CS452 - Real-Time Programming - Spring 2010

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Lecture 14 - Clock Server, Task Structure

How is AwaitEvent Used?

  1. There should (almost) always be a task blocked on AwaitEvent for every interrupt type. Why?
  2. A server cannot call AwaitEvent. Why?
  3. We call the task that calls AwaitEvent a Notifier. Why?
  4. Code for a typical Notifier
    main( ) {
        Tid server;
        int evtType, data;
        Receive( &server, &evtType, ... );
        // Other initialization
        Reply( server, ... );
        FOREVER {
            data = AwaitEvent( evtType );
            Send( server, &data, ... );
        }
    }
  5. Code for a typical server
    main( ) {
        notifier = Create( HIGHEST, ... );
        // other initialization
        Send( notifier, &evtType, ... );
        FOREVER {
            Receive( &requester, &request, ... );
            switch ( request.type ) {
            case NOTIFIER:
                data = request.data;
                Reply( notifier );
                break;
            case CLIENT:
                ...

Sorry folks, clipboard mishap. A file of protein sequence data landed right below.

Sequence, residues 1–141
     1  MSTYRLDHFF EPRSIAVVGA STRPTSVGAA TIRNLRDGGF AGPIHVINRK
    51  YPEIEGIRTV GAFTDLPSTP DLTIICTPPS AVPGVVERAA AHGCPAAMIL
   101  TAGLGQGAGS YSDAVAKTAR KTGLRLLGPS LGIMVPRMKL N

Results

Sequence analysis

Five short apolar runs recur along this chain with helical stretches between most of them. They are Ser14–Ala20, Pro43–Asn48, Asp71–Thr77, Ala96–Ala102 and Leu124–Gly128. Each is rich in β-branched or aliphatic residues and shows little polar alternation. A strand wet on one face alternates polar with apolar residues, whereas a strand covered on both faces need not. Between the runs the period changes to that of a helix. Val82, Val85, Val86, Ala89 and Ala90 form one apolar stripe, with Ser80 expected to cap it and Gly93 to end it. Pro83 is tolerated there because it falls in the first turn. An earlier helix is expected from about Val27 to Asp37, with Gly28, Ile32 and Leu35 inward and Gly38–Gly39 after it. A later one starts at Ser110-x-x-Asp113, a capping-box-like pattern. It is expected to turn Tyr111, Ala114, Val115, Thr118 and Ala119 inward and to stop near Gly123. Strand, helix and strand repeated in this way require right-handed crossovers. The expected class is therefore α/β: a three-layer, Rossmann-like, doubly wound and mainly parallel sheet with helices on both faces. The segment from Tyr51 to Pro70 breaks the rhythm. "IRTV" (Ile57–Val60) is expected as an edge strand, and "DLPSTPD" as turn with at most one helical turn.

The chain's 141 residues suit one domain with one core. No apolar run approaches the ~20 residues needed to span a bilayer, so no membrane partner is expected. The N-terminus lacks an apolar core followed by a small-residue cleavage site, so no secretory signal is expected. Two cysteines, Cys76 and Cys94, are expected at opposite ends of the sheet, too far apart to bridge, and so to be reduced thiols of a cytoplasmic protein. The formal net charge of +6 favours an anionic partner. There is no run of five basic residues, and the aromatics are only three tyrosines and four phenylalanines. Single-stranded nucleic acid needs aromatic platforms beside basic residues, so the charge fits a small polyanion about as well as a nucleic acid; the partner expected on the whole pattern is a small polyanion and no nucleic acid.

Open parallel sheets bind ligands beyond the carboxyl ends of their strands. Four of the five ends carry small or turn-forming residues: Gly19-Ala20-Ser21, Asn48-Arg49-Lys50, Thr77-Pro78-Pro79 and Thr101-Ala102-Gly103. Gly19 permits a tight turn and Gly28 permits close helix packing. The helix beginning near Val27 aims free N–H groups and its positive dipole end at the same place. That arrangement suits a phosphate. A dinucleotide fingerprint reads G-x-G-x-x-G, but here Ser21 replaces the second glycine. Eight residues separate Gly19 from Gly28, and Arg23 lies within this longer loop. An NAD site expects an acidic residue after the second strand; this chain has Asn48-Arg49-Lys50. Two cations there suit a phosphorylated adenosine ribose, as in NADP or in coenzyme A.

}
        }
    }

More About AwaitEvent

Argument

  1. Somewhere there is a list of event types
  2. This is not very portable

Return value

Related to three free choices above.

Strategy 1: Kernel does it all

Strategy 2: Notifier does most of it


Clock Server

Primitives

int Time( )
int Delay( int ticks )
int DelayUntil( int ticks )

Implementation

main( ) {
    notifier = Create( HIGHEST, ... );
    time = 0
    Send( notifier, &evtType, ... );
    FOREVER {
        Receive( &requester, &request, ... );
        switch ( request.type ) {
        case NOTIFIER:
            time++;
            Reply( notifier, ... );
            break;
        case TIME_REQUEST:
            Reply( requester, time,... ) 
            ...
        }
    }
}

Comments:

  1. You need a common request type, or possibly a union.

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